Without a sense of good and evil, they did not yet know to find nudity embarrassing or to be covered. Partially, they were at fault for not realizing this (even animals, R. Arama says, are formed by nature in such a way as to hide their genitalia), since they had not partaken of the Tree of Knowledge (remember, he thinks they were always supposed to sample the Tree, only to do so in proper proportion. They should have eaten enough to learn to wear clothing, for reasons R. Arama apparently found too obvious to explain).
Chava makes clear they had gone too far in avoiding the Tree of Knowledge when she tells the serpent (their interaction is the topic of the next sha’ar) they were told not to touch the Tree. Her excessive extremism led them down the path to expulsion from the Garden.
Back to the First “Marriage,” and Free Will Choices
R. Arama comes back now to the union between body and intellect, form and matter, and again offers an introductory few paragraphs he names perek ha-chibbur ha-tiv’i, the chapter on natural connections. Some people thinks “choice” means the ability and right to choose whether good or bad, but R. Arama thinks it can only mean making the good or right choice (he points to verses which back him up, such as Devarim 30;19, u-vacharta ba-chayyim, which ascribe choice to the proper, better side).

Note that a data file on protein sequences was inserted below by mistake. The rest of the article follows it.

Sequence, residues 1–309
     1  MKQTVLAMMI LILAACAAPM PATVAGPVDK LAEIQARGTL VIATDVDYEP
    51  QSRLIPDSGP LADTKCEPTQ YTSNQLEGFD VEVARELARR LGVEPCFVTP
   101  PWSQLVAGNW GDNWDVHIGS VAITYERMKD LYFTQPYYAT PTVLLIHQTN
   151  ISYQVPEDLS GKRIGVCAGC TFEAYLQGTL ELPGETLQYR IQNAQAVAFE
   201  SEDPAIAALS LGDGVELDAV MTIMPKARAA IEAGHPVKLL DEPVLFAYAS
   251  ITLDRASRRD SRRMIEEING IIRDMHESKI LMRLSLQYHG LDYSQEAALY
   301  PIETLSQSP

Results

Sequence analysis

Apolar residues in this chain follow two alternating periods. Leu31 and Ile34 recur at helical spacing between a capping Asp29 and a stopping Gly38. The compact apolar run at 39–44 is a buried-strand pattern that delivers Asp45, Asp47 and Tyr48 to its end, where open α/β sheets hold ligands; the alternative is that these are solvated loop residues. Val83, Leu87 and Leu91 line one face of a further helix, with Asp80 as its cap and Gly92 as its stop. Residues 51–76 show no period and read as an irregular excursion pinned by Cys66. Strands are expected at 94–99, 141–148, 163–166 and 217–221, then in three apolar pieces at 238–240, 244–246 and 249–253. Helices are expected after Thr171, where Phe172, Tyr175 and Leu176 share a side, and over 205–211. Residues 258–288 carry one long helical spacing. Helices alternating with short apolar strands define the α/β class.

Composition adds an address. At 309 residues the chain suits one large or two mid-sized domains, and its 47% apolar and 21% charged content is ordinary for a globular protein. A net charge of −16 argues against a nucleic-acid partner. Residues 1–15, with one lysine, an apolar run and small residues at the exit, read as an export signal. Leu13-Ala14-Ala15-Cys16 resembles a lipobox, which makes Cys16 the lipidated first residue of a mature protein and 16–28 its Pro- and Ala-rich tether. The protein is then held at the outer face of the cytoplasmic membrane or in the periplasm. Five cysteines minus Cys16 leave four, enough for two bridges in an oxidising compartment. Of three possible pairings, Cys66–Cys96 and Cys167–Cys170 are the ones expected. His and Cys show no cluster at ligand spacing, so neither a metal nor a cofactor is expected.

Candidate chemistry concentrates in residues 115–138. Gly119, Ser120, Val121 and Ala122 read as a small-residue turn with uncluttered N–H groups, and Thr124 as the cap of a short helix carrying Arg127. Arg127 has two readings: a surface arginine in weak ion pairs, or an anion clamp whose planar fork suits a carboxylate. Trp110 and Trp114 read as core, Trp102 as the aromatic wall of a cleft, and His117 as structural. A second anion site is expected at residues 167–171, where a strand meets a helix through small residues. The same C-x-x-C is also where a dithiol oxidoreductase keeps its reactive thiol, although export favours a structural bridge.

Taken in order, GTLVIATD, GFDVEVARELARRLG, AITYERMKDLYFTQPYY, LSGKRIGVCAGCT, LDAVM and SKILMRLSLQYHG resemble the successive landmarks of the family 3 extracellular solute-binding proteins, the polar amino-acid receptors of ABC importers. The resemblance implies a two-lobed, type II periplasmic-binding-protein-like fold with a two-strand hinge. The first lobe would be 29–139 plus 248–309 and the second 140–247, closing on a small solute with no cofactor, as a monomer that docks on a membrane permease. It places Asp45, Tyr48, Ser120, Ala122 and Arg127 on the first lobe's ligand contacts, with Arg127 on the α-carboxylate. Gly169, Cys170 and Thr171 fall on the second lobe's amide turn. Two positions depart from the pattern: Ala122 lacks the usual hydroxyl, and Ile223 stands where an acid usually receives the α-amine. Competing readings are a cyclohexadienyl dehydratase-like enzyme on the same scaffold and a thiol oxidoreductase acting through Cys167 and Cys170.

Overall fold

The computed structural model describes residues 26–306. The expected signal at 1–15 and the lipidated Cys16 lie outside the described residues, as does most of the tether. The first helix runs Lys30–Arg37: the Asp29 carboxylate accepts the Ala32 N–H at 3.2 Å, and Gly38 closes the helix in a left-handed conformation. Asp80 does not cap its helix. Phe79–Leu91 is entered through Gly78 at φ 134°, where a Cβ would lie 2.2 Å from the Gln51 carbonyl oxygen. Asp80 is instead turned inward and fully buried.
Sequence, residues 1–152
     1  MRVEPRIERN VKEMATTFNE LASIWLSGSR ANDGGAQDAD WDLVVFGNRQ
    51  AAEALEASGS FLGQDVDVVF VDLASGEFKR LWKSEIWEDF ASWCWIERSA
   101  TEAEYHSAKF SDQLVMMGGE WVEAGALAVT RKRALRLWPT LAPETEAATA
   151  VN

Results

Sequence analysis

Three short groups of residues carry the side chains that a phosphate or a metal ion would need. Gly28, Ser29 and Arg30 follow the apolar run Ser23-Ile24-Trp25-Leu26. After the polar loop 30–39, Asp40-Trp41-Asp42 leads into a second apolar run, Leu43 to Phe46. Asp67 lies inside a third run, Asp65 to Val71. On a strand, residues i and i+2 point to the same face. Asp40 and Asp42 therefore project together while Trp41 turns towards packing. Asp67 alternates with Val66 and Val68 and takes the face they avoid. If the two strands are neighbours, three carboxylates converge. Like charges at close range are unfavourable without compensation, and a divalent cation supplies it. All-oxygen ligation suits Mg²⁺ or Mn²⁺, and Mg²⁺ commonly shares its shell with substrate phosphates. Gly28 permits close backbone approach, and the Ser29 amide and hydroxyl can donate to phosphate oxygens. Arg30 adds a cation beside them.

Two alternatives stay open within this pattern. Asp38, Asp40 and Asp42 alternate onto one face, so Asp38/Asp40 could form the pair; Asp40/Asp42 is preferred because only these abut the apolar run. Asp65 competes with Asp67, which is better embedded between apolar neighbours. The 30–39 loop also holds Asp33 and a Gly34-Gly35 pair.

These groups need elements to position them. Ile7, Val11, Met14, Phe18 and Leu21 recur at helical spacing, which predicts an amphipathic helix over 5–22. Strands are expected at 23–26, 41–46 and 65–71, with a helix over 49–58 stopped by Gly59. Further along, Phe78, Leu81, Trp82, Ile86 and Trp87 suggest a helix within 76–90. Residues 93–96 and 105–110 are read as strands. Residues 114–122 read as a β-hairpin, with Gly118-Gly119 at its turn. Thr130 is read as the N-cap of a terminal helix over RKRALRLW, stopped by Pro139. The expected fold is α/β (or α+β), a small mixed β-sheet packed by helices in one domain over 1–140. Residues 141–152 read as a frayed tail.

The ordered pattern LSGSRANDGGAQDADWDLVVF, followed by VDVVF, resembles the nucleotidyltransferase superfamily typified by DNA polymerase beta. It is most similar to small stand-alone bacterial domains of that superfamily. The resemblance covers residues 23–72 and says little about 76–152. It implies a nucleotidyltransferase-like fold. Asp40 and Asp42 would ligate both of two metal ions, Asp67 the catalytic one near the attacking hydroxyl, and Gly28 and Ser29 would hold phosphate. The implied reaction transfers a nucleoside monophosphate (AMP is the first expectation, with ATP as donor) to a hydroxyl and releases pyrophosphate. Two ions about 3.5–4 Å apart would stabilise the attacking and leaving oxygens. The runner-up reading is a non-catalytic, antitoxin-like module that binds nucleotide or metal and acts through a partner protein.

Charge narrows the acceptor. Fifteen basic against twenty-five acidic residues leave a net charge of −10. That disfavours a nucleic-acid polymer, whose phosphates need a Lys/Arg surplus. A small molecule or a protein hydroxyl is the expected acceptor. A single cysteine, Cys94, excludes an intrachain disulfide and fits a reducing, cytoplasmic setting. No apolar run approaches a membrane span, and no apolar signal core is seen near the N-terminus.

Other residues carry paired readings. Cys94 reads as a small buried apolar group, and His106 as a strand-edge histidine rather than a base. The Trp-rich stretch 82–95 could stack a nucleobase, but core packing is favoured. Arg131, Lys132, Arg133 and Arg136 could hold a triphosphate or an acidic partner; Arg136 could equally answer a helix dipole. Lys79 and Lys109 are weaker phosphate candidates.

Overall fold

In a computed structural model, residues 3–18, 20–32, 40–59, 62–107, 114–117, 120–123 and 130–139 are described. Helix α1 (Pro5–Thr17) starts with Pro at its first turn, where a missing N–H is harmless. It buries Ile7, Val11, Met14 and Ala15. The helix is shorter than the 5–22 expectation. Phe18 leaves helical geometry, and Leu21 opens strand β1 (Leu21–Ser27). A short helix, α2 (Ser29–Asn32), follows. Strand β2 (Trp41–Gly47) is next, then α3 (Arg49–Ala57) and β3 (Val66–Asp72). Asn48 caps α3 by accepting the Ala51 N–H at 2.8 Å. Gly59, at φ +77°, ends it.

Hashem created people with the ability to go right or wrong, but with a leaning towards the correct, and endowed us with an intellectual soul to help us free ourselves of our material side. In listening to our intellects, we become free; when we yield to the physical, we lose our freedom and choice, as we do when we sin, where we fail to exercise freedom and fall prey to our animalistic side.
Angels were not created to grow or to earn reward or punishment, which is why Hashem did not give them such challenges, made them only good. To R. Arama, the difference explains R. Shmuel bar Nachman (Bereshit Rabbah 9)’s explanation of the phrase tov meod, very good, how Hashem characterizes creation once it’s all done.
He says tov referred to humanity’s good side, where meod, very, refers to the evil inclination. What about the evil inclination would make the good very? It gives the possibility of failure, which then earns people reward when they use their free will to choose (I don’t need to write “well,” since for him choice means well).
In both marriages he discussed in the eighth sha’ar, the physical/intellectual and male/female, the Midrash’s idea of zachah, ‘ezer, lo zachah, kenegdo, if he merits, she is a help, if not, she is opposite him (a play on the Biblical phrase ‘ezer ke-negdo, a help alongside him) applies. If we use our physical side properly, R. Arama wants us to know, if we subordinate it to the intellectual, we will have the best marriage we could. Which is the side of marriage he cares about most, and to which he directed his comments on the Torah’s presentation of the formation of women.